Technology

Glovo app to disrupt Nairobi delivery services space with new funding

Glovo delivery services app just raised KES 17 billion (USD 169 million) in a series D funding much of which will be channeled to strengthening the Nairobi business unit, and launching new units in Ghana, Tanzania and Nigeria. The Spanish start-up was launched in 2015 and has its headquarters in Barcelona. In 2018, it raised  KES 13.5 billion (USD 134 million).

How the Glovo delivery app works

Glovo delivery app has an innovative yet simple approach in helping people complete and have their merchandise delivered to them. It aids you purchase, pick-up, and receive anything you order through the app – all without you moving an inch.

For instance, if you want some groceries and you are running late at the office, you simply open the app and order the groceries from the store of choice then sit back. The app service does your shopping, packs it up and then delivers it to your selected destination. That means you do not have to go to the supermarket to queue and shop by yourself – just receive your groceries and go home.

How Glovo is disrupting Nairobi delivery space

Nairobi is yet to see the last of tech launches and start-ups, if the entry of Glovo last November is anything to go by. It is the choice city for launching tech disrupters in Africa, which affect entire industries around the world. As far as delivery services go, courier services in the city will be affected most for the following reasons:

  • Glovo charges ridiculously low prices for delivery in Nairobi. At a minimum of KES 50 and a maximum of KES 100, traditional courier services would view it as a ludicrous competitor. It will simply put them out of business. Most courier services charge between KES 250 – KES 350 within Nairobi for door-to-door delivery.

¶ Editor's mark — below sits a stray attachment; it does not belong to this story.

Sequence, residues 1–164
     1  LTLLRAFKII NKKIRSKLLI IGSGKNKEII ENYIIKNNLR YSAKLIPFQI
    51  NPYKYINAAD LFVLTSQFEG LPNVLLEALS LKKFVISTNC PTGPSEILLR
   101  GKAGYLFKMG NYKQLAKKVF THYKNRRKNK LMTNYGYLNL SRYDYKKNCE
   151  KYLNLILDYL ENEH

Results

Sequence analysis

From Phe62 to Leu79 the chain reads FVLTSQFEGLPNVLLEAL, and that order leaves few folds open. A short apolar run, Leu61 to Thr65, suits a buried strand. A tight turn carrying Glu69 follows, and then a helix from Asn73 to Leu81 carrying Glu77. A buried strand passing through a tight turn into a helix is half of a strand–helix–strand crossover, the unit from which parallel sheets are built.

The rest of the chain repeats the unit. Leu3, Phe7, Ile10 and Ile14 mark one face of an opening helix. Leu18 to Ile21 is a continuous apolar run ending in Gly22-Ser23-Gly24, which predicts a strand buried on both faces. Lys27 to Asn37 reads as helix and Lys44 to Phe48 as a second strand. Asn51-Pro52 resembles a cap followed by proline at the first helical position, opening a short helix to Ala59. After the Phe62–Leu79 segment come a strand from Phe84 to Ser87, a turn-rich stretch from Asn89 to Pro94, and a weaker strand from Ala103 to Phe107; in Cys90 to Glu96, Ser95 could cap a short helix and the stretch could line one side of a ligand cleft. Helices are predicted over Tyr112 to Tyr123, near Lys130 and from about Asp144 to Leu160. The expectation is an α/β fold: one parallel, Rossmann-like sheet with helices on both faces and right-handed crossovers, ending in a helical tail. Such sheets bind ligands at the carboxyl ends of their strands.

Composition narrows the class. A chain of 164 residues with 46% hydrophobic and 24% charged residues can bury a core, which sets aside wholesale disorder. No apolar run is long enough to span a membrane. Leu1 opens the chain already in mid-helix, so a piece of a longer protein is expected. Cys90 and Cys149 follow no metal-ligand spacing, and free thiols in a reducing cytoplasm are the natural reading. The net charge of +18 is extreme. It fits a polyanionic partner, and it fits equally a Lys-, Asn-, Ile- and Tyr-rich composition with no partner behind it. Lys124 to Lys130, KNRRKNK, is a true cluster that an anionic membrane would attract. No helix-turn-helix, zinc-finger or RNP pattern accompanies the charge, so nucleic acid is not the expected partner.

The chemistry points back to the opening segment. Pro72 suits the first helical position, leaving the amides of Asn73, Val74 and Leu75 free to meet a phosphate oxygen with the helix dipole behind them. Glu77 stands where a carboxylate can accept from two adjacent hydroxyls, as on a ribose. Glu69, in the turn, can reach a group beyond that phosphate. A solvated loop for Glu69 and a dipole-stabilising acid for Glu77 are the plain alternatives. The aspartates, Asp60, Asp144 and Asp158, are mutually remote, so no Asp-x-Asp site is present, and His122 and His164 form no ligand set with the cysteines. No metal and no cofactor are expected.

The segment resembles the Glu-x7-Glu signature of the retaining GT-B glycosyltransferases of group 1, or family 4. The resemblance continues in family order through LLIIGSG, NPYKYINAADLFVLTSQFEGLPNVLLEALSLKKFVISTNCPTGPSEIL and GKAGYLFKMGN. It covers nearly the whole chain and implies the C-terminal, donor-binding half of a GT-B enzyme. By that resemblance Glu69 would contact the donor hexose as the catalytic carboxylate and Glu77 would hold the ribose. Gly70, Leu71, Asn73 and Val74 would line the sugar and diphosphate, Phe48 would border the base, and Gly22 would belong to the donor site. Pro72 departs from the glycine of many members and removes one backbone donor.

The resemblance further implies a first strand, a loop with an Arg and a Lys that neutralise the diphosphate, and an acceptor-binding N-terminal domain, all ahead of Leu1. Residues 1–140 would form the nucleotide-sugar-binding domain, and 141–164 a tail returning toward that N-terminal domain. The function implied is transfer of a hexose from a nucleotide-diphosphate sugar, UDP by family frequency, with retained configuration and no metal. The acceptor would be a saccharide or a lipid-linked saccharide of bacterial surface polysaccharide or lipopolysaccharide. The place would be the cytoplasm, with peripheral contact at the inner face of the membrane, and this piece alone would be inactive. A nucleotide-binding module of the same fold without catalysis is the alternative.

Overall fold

• Glovo uses independent couriers who sign up with the app, just like taxi hailing apps. That means the closest courier does the work for the user, hence reducing the delivery times and cost greatly. The app says it aims to make it to 20-minute delivery time within the city.
  • Glovo can deliver both edible products, ie foods, drinks, as well as offer normal courier services. It is like an all-in-one package for the user. Traditional courier services do not deliver foods and drinks and some do not deliver breakables.
  • Being an on-demand app, it means a user can order for anything at anytime and it will be delivered within an agreed timeline. Courier services do not have this luxury of servicing just a single customer’s order. They always deliver in bulk for specific destinations before sorting out the deliveries, meaning more time and higher cost.
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Kenya currently has 47 million smartphone users who the Glovo head of marketing for Sub Saharan Africa Priscilla Muhiu said the firm aims to reach. With a countrywide expansion on the cards, the firm will use part of its cash to build stores and kitchens to cater for food orders, as well as buttress its tech team. The app currently has 120 riders in Nairobi.